The Christocentric features of the Basis of Union make the document profoundly Evangelical in the broadest sense of that term, and there is at least one particular place where a characteristically Wesleyan theological emphasis may be identified.  Paragraph 6 confesses that Christ, by the gift of the Spirit, ‘awakens, purifies, and advances in [us] that faith and hope in which alone [the] benefits [of new life and freedom] can be accepted.’[5] Giving close attention to Wesley’s theology can continue to be one way that the Uniting Church can live out of that freedom which is made ever new by the Spirit. 

Wesley and the Sacraments

Dr. Hammond has provided us with a careful and comprehensive account of Wesley’s approach to the sacraments, well grounded in the sources and in Wesley’s own immediate context, particularly in Georgia. His paper is a model of what Albert Outler called ‘Phase III’ of Wesley Studies.  ‘Phase I’ was the hagiographical approach to which early biographers and admiring Methodists were particularly prone.  ‘Phase II’ was the attempt to claim Wesley as belonging to a particular tradition - Anglo-Catholic (Rattenbury), Reformed (Cell, Cannon, Deschner), Puritan (Monk), Moravian (Towlson, Hildebrandt), and others.  ‘Phase III’ according to Outler was long overdue and would open toward a ‘new future for Wesley studies’ reading Wesley on his own terms and in light of his sources.[6]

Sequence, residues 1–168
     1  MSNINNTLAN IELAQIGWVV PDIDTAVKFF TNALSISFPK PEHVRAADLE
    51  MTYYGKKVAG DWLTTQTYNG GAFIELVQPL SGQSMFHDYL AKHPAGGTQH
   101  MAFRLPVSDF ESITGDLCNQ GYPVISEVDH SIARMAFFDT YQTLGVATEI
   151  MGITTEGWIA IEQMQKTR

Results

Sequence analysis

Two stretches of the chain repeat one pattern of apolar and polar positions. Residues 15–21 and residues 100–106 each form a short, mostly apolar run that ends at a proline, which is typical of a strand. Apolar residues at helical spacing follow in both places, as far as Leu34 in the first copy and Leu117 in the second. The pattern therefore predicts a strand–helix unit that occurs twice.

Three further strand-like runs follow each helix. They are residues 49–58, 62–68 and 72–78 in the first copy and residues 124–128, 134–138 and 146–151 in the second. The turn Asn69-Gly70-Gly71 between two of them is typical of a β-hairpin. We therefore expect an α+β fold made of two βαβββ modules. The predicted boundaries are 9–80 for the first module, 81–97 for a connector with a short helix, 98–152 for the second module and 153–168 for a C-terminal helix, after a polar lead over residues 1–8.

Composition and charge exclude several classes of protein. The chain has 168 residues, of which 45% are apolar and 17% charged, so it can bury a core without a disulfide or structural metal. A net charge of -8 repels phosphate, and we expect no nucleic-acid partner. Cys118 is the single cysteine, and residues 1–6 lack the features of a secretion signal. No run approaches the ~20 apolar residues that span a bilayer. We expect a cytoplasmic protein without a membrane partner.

So thank you Geordan for making clear the influence of the Nonjurors on Wesley’s sacramental thought and practice, for providing us with a summary of John Johnson’s Unbloody Sacrifice, Daniel Brevint’s Christian Sacrament and Sacrifice, and William Wall’s History of Infant Baptism, and for describing Wesley’s sacramental practice in Georgia.  The observation that Wesley held a minority view within the Church of England on the Prayer Book in keeping with the Usagers among the Non-Jurors is of very real interest.  It is also worth noting in Geordan’s conclusion that, though Wesley later dropped some of the practices applied in Georgia, his overall theology of the sacraments did not undergo significant change later in his life.    
Such careful contextual reading of Wesley has too often been neglected so that we have ended up with readings of Wesley that are coloured by what some modern Methodists wish that Wesley had said and did, rather than what he actually did say and do.  Protestants, and especially Evangelicals, have often been embarrassed by Wesleys sacramental views, and have attempted to show, either that Wesley uncritically accepted the Anglican formularies, or that his theology underwent a change after his Aldersgate experience, as if he had been a High Church sacramentalist beforehand and a Low Church evangelical afterwards.  This is wide of the mark.  There seems to have been little shift in Wesley’s sacramental views after Aldersgate although Swedish Bishop Ole Borgen argued in the 1970s that after 24 May 1738 there was in Wesley’s view of the sacraments a greater stress on God’s action rather than on human action.[7] The claim that Wesley’s sacramental theology is muddled or inconsistent or that his Protestant theology of justification cannot be reconciled with his Catholic theology of the sacraments is uncritical and thus misplaced.